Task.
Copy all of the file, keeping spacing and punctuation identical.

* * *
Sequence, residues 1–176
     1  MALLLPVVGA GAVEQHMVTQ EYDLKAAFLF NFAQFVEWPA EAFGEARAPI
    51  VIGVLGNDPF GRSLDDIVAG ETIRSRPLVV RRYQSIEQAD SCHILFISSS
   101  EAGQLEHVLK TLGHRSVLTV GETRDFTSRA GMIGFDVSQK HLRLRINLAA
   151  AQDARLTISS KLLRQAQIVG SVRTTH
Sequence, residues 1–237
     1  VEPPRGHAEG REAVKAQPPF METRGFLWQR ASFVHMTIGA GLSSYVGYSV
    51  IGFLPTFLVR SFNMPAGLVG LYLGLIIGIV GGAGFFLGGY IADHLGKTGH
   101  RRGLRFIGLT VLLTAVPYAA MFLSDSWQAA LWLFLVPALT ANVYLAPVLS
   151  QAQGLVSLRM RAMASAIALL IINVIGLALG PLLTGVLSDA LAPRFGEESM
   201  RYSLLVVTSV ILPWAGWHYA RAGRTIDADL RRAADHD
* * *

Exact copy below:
Sequence, residues 1–176
     1  MALLLPVVGA GAVEQHMVTQ EYDLKAAFLF NFAQFVEWPA EAFGEARAPI
    51  VIGVLGNDPF GRSLDDIVAG ETIRSRPLVV RRYQSIEQAD SCHILFISSS
   101  EAGQLEHVLK TLGHRSVLTV GETRDFTSRA GMIGFDVSQK HLRLRINLAA
   151  AQDARLTISS KLLRQAQIVG SVRTTH
Sequence, residues 1–237
     1  VEPPRGHAEG REAVKAQPPF METRGFLWQR ASFVHMTIGA GLSSYVGYSV
    51  IGFLPTFLVR SFNMPAGLVG LYLGLIIGIV GGAGFFLGGY IADHLGKTGH
   101  RRGLRFIGLT VLLTAVPYAA MFLSDSWQAA LWLFLVPALT ANVYLAPVLS
   151  QAQGLVSLRM RAMASAIALL IINVIGLALG PLLTGVLSDA LAPRFGEESM
   201  RYSLLVVTSV ILPWAGWHYA RAGRTIDADL RRAADHD